We had everything from dog****, eddie, flojo, poly, danimal, slug, PM (pogue marine- ex marine supply), ched 1, mikey (mikey from the old life commercial in the 80's who would eat anything because this guy would always be "eatin" at the red light)...I could go on and on.

Fun times!!

USMC1369
03-22-2008, 23:55
I knew they were talking to me when they said "Sir" & I knew they were talking about me 'cause someone would always refer to yours truly as "that Mother:wow:" but that was then...

Fallguy173
03-23-2008, 09:36
The one that comes to mind, was in one of my units. We had a guy named Czerapack, simply pronounced serapack. I think the "z" confused everyone. We called him "6-Pack".

mikeflys1
03-23-2008, 23:59
In my Army Reserve unit, we had a Sgt who always kept his head clean shaven. Everyone called him Mister Clean, because he looked like the guy on the cleaning product label. There was a Spc everyone called Fez, who looked like a character from the '70's show. They called me Gene, after Gene Simmons. We also had a kid called Alphabet Soup because of his long, unpronounceable last name. And there was a guy from Africa we called Where Were You? because no one could pronounce Waweru correctly.

In the Air National Guard, some call me SSgt Sam White, or White, but most call me Sam.

For the most part, though, the trend in the Army was for people just to be called by rank+last name. In the ANG, not surprisingly to some, people are often/usually called by first name.

I think every unit i was in had one of those.

4TS&W
03-24-2008, 00:55
We had a comm guy named Stankie....

He usually didn't smell too bad, but no one could consistently pronounce Stankiewicz....

xxiv
03-27-2008, 11:33
Guys had nicks, "Gucci" for one of the idiot cherries that thought a full Gucci track suit was in style, stuff like that. Lots of abbreviated and bastardized last names.

fourdeuce2
03-27-2008, 11:43
I was stationed with a lieutenant who had the last name Loiacano, and he was always going around telling people "I'm in charge here!"(if you have to keep reminding people, maybe you're NOT in charge:dunno: ). His nickname(behind his back) was Lieutenant Lock & Load. Guys used to call on the radio and mimic his voice saying "I'm in charge here!".:tongueout: Sometimes he'd be standing around the radio and hear them, but he never got it(I don't think). He did mellow out eventually.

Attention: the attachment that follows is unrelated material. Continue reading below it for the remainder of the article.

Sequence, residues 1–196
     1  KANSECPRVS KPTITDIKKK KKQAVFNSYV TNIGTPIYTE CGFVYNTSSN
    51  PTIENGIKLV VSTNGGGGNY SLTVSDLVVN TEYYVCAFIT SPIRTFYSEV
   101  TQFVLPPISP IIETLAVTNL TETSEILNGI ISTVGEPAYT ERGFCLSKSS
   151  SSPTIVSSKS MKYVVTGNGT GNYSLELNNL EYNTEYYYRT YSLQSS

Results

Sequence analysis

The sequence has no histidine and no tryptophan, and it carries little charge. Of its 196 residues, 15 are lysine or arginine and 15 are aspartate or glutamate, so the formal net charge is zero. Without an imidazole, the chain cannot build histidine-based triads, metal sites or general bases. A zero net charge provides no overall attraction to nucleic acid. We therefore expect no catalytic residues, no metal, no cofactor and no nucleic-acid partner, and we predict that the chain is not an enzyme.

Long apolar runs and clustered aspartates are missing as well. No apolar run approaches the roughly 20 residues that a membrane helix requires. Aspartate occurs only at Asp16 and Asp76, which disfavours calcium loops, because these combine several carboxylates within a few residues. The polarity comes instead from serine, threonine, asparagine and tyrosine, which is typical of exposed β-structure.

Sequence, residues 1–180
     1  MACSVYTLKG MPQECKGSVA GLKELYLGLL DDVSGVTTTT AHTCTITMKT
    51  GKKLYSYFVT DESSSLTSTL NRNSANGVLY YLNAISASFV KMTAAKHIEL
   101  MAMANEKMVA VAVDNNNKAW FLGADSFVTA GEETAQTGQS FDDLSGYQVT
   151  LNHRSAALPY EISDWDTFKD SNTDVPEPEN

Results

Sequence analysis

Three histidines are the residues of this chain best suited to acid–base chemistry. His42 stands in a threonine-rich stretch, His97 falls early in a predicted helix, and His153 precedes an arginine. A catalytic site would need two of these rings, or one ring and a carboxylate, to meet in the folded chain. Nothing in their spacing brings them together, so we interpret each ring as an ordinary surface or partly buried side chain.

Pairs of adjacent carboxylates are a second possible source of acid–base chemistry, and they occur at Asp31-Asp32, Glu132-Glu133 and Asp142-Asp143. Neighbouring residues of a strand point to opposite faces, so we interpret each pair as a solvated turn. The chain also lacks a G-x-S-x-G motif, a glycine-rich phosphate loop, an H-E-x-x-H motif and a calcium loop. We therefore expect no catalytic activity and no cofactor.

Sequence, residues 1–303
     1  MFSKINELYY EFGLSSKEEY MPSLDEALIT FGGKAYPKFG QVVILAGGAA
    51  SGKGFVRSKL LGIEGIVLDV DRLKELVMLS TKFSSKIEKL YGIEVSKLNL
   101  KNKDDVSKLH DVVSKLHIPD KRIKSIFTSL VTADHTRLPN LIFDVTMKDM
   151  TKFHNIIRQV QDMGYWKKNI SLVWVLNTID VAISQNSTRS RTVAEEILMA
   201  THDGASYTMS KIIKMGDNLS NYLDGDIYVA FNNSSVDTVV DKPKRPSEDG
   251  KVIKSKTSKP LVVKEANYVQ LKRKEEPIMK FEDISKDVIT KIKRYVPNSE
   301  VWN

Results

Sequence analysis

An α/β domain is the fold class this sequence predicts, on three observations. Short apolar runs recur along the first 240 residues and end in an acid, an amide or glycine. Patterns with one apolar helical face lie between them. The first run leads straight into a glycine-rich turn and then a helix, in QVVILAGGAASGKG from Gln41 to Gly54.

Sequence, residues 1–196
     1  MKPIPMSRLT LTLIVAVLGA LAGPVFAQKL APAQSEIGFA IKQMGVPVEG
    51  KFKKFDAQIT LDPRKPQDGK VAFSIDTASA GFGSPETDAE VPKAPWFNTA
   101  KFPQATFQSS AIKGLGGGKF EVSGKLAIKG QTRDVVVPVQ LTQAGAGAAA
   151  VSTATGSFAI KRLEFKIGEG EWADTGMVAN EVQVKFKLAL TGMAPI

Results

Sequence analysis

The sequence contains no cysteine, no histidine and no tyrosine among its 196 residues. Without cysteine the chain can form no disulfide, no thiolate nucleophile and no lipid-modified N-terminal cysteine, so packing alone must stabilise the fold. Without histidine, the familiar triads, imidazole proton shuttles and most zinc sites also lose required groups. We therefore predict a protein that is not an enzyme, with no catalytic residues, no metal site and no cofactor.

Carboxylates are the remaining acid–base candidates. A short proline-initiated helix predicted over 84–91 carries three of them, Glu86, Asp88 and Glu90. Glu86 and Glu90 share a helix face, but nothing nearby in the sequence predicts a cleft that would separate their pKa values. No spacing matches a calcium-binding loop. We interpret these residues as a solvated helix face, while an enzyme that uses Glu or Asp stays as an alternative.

DaScotsman
03-27-2008, 12:08
We had a FSgt who was fairly certain every one of us was actually named "F-head". Does that count? :supergrin:

Glock 21 Dan
03-27-2008, 21:51
Had an LT in 'Nam called "John Wayne" because that's who he thought he was! Went home without his much sought after Purple Heart.

"Pineapple" was of course from Hawaii and no one could pronounce "Alphabets" name.

Other than those it was mostly last names. If the person was higher in rank than you, his rank and last name was used. Close friends were usually called by their first names.

Dan: U.S. Army 1966 to 1969. RVN '67-'68.

jeff copeland
04-09-2008, 19:08
most nicknames are "earned"

such as "crap-in-pants boy"
"Sgt Booger"

jbylake
04-09-2008, 21:23
"Java" Jim, for my heavy reliance on the substance, especially on long watches in our never ending stream of "exercises". Don't know who started it, even the commander called me that.....when he was in a good mood.....Oh, and even after being retired since 95I still usually hit StarBucks first thing in the morning..

USAF (RET)
:supergrin:

alphajaguars
04-22-2008, 21:02
Other than plays on people's names (Mikey for Michaels, Lou for Luraas, Badge for Badger) we had two I can remember. One was Strong. Dude had a huge upper body, worked out with weights every day. Had some of the skinniest legs. Also had a Sgt in 3rd platoon, kinda built like Strong but only about 5'2" or so. We called him Mighty Mouse behind his back.

Currahee
04-23-2008, 06:20
I had a soldier who really really loved to eat fish so I called him "Manny". We had a soldier who hid and slept during a night land nav course, we all called him "the Green Burrito" after that.

But yea, nicknames were not all that common. They really had to be earned for some reason or other.

kirgi08
04-23-2008, 08:30
My Father was a "Grunt"then he became a "Mustang".'08.:)

Turk173
04-23-2008, 10:10
Thinking back a lot of years RVN 68-69



Old Man or Old Hardcore (my Platoon Sergeant and mentor SFC John Leake he was 38 years old and the greatest warrior Iíve ever known. He was pulling his third combat tour Korean War with the 2<sup>nd</sup> Infantry, 1<sup>st</sup> Air Cav. And was at X-ray in the Idrang and then with the 173<sup>rd</sup> Abn, Hippie (wanted to be a hippie but got drafted), Chow Wound (we would carry 3 days supply of rations C rats and Lurps he would eat everything up in a day and bum from others), Z, last name was Zapprilli, Mad Dog? Peewee small guy, Weasel small skinny guy good with an M-60, Smitty last name Smith, Soul 6 our Battalion Commander a black American Lt. Col. As I think back we used mostly last names for our Platoon Leader and if we talking within the platoon he would just be called 6, I personally was called by my last name but some times Double 1 which stood fro 1<sup>st</sup> squad 1<sup>st</sup> platoon squad leader Double 1 alpha was the RTO. But then I was probably called a lot worse.